• Now I’ve turned the influencer’s 499 friends into my friends. Just like with retweets, massive amounts of readers will take the influencer’s endorsement of my guest post as a sign that I must be pretty awesome. The link back then funnels traffic towards our site, where people read our company blog and end up signing up for our services. But when you make your list, don’t go hitting the top dog right away. Instead, start at the bottom with the guy who wishes he were the top dog, but is struggling to get started. Offer the lower rungs your guest posts first, and use those posts as credentials to climb higher and higher up the influencer ladder. It’s not really a traditional way of getting your company or content promoted, but it definitely gets results. After you’ve gotten a good number of guest posts under you belt, start looking for syndication deals. Since the journalism industry is pretty much on its knees because of declining ad revenues and the inability to produce more and more quality content, they’re constantly looking for new material. If your stuff is good, you might be able to strike something up. Look for other industry sites, especially news sites for your niche, and offer them a deal. They can use your quality content, particularly as supplementary analysis material, and they’ll be glad to do it, especially if you’re credible and good. PART 2: EXECUTING CONTENT STRATEGY 28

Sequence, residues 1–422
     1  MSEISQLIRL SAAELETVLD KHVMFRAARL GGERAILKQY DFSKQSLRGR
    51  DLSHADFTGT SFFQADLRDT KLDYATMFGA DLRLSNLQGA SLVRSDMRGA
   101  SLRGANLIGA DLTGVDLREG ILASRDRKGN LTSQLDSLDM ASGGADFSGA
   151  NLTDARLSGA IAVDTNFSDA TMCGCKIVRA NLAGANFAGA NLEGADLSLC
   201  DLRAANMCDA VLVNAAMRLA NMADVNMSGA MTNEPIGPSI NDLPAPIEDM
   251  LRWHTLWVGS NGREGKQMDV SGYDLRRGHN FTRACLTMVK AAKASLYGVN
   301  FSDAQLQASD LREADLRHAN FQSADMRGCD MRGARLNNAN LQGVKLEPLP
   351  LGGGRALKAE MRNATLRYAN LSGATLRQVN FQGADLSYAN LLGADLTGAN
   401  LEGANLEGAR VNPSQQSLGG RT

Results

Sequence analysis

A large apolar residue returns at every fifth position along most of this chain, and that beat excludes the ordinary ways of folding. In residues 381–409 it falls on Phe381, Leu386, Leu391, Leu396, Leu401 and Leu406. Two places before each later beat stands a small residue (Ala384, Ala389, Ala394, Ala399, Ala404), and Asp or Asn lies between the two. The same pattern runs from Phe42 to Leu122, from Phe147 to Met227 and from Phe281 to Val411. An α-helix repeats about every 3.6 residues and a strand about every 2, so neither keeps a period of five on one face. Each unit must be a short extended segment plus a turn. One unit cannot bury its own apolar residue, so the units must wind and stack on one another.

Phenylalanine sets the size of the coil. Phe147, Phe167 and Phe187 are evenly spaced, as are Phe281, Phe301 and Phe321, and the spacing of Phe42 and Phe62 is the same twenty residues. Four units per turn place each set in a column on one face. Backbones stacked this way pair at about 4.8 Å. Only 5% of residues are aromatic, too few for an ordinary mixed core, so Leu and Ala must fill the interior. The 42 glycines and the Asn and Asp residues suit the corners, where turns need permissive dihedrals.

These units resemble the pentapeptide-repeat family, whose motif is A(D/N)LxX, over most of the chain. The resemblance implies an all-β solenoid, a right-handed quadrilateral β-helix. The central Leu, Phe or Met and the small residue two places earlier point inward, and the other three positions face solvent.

• Influencing Influencers When starting out with content strategy, we try hard to imagine how our audience will react to our content, and fine tweak it accordingly. But from what we’ve already talked about, your audience at large’s reaction is not nearly as important as winning over the influencers. Sometimes you’ll be trying to get at a few influencers, and other times it’ll be just one. In my case, it was one Fred Wilson. Fred Wilson is a partner at the VC firm Union Square Ventures and an avid blogger with a massive and obedient following. When I first moved to New York, I decided that if I wanted to get on the local tech scene radar, I needed Fred to know who I was. So I tried to learn as much about Fred as I could. I figured out what he liked (music, blogging at 6AM), disliked (long e-mails), and read about a year’s worth of his posts. I had used to play in bands before I got into tech. So I made an infographic called, “Rock Bands vs Tech Startups.” The chart compared putting together a rock band (“Righteous drumming, dude!”) and a tech startup (“Righteous c0ding, dud3!”), and how the life cycles of each were really quite similar. I sent a link to my published version of Rock Bands vs Tech Startups to Fred at 3AM on a Monday morning with the title of the chart as the subject, and a short message, “Hey Fred, I though you might like this. Shane.” When Fred woke up early on Monday to write his blog, my email was probably the first one he saw. PART 2: EXECUTING CONTENT STRATEGY 29